Malala Yousafzai says she has 'always asked for help' with her mental health

Malala Yousafzai has opened up about how she deals with mental health issues, revealing she has “always asked for help”.

Speaking to Teen Vogue, the Pakistani activist and Nobel Prize laureate explained she had struggled with her mental health in the past, though she didn’t specify what the issue was.

Instead, Yousafzai chose to share her tips for dealing with the problems she has experienced, urging people to seek advice or treatment.

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“That’s the key that I would say to everybody,” the 22-year-old said. “Even if you feel ‘I don’t think the issue is too big. I don’t think I’m in a depression or anxiety yet’ or ‘I don’t think it’s [bad enough to] still go out and ask for help.’ I always tell things to my parents.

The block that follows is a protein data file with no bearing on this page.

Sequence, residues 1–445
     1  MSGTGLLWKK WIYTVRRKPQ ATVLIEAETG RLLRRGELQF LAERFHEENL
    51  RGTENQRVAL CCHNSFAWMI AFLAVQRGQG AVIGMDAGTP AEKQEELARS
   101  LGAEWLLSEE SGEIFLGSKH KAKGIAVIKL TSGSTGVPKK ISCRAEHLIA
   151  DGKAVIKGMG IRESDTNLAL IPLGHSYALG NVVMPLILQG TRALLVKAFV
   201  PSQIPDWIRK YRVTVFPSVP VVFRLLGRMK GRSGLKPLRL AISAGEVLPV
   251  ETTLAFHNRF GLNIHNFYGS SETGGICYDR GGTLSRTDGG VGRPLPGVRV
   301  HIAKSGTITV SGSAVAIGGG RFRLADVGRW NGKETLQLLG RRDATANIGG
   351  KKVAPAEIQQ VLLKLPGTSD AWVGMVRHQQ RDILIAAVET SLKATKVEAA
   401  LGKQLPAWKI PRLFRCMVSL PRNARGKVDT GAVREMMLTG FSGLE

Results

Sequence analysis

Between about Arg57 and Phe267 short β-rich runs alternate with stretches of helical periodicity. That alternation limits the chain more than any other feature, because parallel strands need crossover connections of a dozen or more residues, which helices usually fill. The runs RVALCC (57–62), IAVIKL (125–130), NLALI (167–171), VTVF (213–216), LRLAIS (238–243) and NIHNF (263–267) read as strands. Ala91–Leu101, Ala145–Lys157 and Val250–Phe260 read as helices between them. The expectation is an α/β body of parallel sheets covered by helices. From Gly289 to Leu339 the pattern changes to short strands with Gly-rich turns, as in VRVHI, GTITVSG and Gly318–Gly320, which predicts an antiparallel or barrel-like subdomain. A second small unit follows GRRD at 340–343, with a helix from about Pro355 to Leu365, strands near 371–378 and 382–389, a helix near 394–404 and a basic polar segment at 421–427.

“I always say things to somebody that I know closely, some of my friends or somebody in school. Just to make sure, right, I would have nothing – there’s nothing to worry about, but still go out and share it.”

Yousafzai, who won the Nobel Peace Prize aged 17 for her fearless campaigning on education, went on to say how many “depressing” things are happening in the world right now,  though she did not elaborate on any problem in particular.

“It’s really sad what’s happening,” she said. “And I think for us, what we need to do is remain positive because our sadness can’t change the world.

“Our sadness can’t really help us resolve those issues.”

Yousafazai’s comments come after she spoke about the benefits of supporting women who may not have access to education while at a charity event in Edinburgh.

“Educated girls have the power to transform our world,” she said at the event, which was held by homelessness charity Social Bite.

“But without a home or access to education, millions of refugee and displaced girls are unable to fulfil their potential.”

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